Studio M

The Cuisine of Kozani

Time-honoured recipes & delicious flavours  

The culinary tradition of Kozani is a blend of influences from the different populations that settled in the area or passed through. This tradition was moulded by the availability of produce, as determined by the soil and the climate. The influences of the Vlachs and the Greek refugees that arrived from Anatolia after 1922, especially the Pontians, are obvious, as are those from the surrounding Balkan countries. In the past, there was a pronounced difference in eating habits between the rural or livestock breeding communities and the urban centres, with the former consuming mainly legumes and any vegetables that grew in the area. Meat was almost exclusively reserved for festive occasions and official events. In contrast, the cuisine of urban areas relied on a wider variety of ingredients and more sophisticated techniques. Obviously, as modernization and economic growth prevailed, and, primarily, because travelling became easier, many of the traditional recipes, especially those which were - so far by necessity - based on a few standard ingredients, have disappeared from the daily menus and are nothing more than a memory.

Giaprakia, the most popular local dish, which used to be enjoyed on the Christmas table only, is now served in several restaurants especially during the winter months. It is  made with leaves of pickled white cabbage (locally known as lachanarmia) stuffed with rice, minced meat, usually half pork & half beef, and plenty of allspice berries, which the locals call moschopipero. The more adventurous diners add pork lard or pancetta and of course lots of paprika. Meatballs in juice are also popular. The juice - or zmi in the local dialect - is a sauce prepared with water, flour, garlic, oil and red pepper.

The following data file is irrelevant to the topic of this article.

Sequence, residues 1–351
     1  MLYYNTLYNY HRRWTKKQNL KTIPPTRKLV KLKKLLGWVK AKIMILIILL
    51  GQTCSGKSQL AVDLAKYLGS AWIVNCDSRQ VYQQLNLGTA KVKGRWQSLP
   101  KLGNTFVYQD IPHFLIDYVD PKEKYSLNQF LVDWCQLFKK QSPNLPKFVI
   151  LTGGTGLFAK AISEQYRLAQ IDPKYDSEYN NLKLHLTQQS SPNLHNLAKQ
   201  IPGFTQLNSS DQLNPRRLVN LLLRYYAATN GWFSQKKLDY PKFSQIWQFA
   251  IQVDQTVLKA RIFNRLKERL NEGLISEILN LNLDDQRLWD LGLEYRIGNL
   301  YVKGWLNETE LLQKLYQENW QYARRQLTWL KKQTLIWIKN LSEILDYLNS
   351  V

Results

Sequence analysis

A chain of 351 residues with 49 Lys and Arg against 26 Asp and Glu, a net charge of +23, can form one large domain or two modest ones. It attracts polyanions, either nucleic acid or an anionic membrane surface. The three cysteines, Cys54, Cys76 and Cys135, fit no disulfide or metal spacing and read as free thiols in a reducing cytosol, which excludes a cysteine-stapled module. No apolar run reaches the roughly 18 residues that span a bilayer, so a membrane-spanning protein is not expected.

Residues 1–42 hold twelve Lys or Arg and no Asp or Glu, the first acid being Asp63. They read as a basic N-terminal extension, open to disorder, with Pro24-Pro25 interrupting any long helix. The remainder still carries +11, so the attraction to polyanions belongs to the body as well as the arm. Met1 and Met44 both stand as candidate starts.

Pan-fried pork with leeks, popular throughout Western Macedonia, is a regular dish on the local table, while gizlemopita, a pie with minced meat, leeks and noodles, is a regional speciality. Boubaria, which goes by various names in many parts of Greece, consists, in its Kozani version, of a large intestine or tripe, stuffed with minced pork, liver, rice, onions and many herbs, spearmint in particular. The spiral-shaped Kichi pies stuffed with feta cheese are also renowned.

THe Kozani cuisine includes all kinds of pies stuffed with aubergine, cheese, meat, spinach, trachanas (a type of frumenty), leek, onion, nettle and more. Pickles are also common, as in the past this was the only way to preserve vegetables. 

There are also hot and cold soups, such as the refreshing tiratori (in other parts of Macedonia it is known as taratori). It is made with crushed garlic, cucumber, salt, vinegar, oil, water and often bread or nuts, and in older times it was consumed in the summer by field workers during their work-break. Meats are grilled or cooked, with skewered kontosouvli (aka souglitses) and soutzoukakia ranking high in the list of dishes served in village tavernas. 

Other dishes that are prepared, albeit not that often anymore, include kapama, a braised tomato meat stew with plums or quinces; lamb with parsley, and katafiotiko (lamb cooked with vegetables) in the summer; chicken with chestnuts, or rooster with noodles on formal occasions; large white onions or quince stuffed with minced meat; tsitsilato, lamb soup cooked with plenty of herbs and spinach which is served at Easter; hare stew, and other game. 

Local sweets include saliaria (pastry filled with walnuts), moustopita (with grape molasses and corn flour), sitzoukia (with grape molasses and walnuts), tziam pliaf (made with rice, sugar, vermicelli and cinnamon), scalded kourabiedes (with syrup instead of caster sugar), a wintertime dish called ksiafi (compote with dried fruits), haslamas (which looks like the syrupy samali dessert, but more fluffy), a wide variety of spoon sweets, pastes, including that of quince, and syrupy sweets like kourkoubinia (bites made of rolled phyllo pastry), touloumpakia (deep-fried dough bites) and loukoumades (bite-sized fluffy honeyed balls), prepared in Velventos.

© A. Adamaki

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